Girdleness Lighthouse

Girdleness Lighthouse

Built to warn ships of the dangerous wave-cut platform which extends around the peninsula, Girdleness Lighthouse was first exhibited in October 1833.

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Aberdeen Harbour is one of the major ports around the North Sea rim, historically a fishing port.  Over the last fifty years, it has been expanded to cater for the North Sea oil and gas industry, yet despite all the activity, the harbour entrance is also a feeding ground for bottlenose dolphins. 


The lighthouse is unusual in design, with a gallery built around a third of the way up the tower.  Initially, a form of double light was displayed, showing two distinct fixed lights; in the lower gallery, an array of 13 lamps and reflectors were displayed in a circular arrangement and were shown in conjunction with the upper light.

The main light was changed in 1847.  The original lantern for the new optic was too small, so it was transferred for experimental use to Inchkeith Lighthouse.  The lantern was later acquired in 1996 by the National Museums of Scotland and revealed several castings of ships, lighthouses and dolphins.

Embossed designs in the lower lamp room

In 1870 a special paraffin burner with multiple wicks was successfully trialled at Girdleness for a month.  The double lights at Girdleness were discontinued in 1890, with the removal of the lower lighting system.

On 18th November 1944, a mine drifted ashore during the Second World War, exploding and causing damage to the doors and windows in the house and tower, but nobody was hurt. 

Following the War, 5ft concave parabolic mirrors were placed behind the burners.  Although probably intended as a stop-gap due to the shortage of prismatic ground and polished glass, their use continued for a considerable time.

Experience at other lighthouses had shown that high walls had caused “strong whirls of wind” in the courtyard, which interfered with the keepers’ lookout.  In 1907 the walls at Girdleness were lowered for this reason.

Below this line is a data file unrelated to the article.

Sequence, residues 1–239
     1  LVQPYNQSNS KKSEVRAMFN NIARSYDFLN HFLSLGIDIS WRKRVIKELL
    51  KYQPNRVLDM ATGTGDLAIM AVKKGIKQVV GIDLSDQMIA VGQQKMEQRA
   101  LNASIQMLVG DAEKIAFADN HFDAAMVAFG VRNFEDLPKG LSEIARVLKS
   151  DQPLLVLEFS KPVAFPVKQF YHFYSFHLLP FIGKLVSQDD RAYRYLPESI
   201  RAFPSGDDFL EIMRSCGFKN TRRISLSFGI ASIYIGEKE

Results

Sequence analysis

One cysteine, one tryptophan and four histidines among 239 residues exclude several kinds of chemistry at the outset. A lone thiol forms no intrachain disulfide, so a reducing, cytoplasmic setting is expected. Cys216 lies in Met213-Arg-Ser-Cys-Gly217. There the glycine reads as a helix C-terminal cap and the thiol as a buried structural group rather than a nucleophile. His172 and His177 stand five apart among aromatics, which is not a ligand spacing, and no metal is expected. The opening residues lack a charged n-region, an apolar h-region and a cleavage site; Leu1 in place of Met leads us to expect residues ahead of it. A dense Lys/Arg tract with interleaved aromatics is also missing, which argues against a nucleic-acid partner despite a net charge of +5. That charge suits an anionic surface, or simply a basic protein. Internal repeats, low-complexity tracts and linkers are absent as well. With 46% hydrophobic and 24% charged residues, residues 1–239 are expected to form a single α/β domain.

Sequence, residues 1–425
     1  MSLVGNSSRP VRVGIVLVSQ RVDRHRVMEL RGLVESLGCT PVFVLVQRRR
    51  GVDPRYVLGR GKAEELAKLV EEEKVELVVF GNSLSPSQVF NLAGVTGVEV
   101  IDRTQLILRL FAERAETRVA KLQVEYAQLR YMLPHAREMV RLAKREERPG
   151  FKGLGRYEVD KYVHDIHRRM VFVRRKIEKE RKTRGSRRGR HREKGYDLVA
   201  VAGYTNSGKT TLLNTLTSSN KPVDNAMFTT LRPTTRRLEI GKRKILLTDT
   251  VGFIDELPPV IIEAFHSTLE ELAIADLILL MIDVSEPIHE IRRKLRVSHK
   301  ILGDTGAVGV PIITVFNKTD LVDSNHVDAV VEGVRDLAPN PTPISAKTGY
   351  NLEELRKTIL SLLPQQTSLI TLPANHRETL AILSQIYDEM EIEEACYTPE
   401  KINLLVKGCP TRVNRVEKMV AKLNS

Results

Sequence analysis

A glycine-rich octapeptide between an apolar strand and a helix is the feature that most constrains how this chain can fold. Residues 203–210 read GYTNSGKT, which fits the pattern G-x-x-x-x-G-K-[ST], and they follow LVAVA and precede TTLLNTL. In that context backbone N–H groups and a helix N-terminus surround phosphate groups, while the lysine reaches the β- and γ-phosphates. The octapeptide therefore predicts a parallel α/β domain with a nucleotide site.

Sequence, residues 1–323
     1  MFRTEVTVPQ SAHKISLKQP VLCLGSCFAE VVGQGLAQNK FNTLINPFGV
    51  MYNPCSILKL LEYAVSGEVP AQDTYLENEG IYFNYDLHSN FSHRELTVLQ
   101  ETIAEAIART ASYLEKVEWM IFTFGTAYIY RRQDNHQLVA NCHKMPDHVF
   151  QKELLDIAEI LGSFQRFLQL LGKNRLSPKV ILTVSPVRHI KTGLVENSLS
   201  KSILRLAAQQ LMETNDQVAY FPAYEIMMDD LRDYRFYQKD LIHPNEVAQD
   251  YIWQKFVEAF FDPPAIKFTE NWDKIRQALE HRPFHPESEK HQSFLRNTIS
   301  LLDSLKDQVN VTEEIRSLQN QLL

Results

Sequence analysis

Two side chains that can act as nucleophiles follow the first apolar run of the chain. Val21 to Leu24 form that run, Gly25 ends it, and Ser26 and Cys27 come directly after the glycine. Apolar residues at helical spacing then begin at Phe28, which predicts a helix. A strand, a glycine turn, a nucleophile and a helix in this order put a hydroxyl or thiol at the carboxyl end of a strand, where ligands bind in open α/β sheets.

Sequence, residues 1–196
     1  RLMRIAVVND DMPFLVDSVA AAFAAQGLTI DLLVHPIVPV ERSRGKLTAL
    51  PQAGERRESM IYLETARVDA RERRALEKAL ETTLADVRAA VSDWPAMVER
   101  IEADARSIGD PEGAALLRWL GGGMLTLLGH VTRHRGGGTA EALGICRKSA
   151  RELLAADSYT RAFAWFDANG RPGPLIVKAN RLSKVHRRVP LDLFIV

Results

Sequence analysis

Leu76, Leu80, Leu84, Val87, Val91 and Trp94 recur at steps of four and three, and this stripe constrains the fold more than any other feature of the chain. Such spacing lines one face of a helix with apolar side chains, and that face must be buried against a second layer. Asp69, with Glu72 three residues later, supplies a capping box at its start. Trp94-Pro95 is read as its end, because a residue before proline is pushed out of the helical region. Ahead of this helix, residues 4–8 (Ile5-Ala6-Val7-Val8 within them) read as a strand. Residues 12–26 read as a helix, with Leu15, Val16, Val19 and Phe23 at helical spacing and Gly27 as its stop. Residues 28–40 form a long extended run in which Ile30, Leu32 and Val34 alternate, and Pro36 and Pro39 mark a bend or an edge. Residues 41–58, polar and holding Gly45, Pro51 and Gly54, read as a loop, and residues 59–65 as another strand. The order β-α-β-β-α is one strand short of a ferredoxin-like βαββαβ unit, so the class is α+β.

Girdleness Lighthouse is one of three in Scotland which houses a DGPS (Differential Global Positioning System).  The system was installed in July 1988.

Torry Coo

In front of the headland, on the opposite side of the road, stands the now silent fog horn, formerly known as the “Torry Coo”.  It was completed in 1902 to replace an earlier fog horn located to the east of the current structure and used compressed air to produce 4 blasts every 2 minutes.  The foghorn was discontinued in 1987 and sold in 2012 to the Harbour Authority.

In 2003 the Lighthouse Board announced its intention of removing the foghorn, which was discontinued in 1987. The Aberdeen City Council intervened, and the foghorn, known locally as the Torry Coo, has been preserved. Located on Greyhope Road, on a headland southeast of the entrance to the River Dee in Aberdeen. 

In 2017 work commenced building the new South Harbour in Nigg Bay, providing facilities for the oil industry and attracting cruise ships to the area. 

Just around the headland, the Leading Lights in Torry are thought to be amongst the oldest cast-iron lighthouses in the world and were built in 1842.  The Granite City of Aberdeen is less than a mile from the lighthouse.

There are 182 steps to the top.



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Established: 1833
Engineer: Robert Stevenson
Tower Height: 37 metres
Light Character: Fl 2 W 20 s
Light Range: 22 miles
Elevation: 56 metres
Automated: 1991
Fog Signals: Discontinued 1987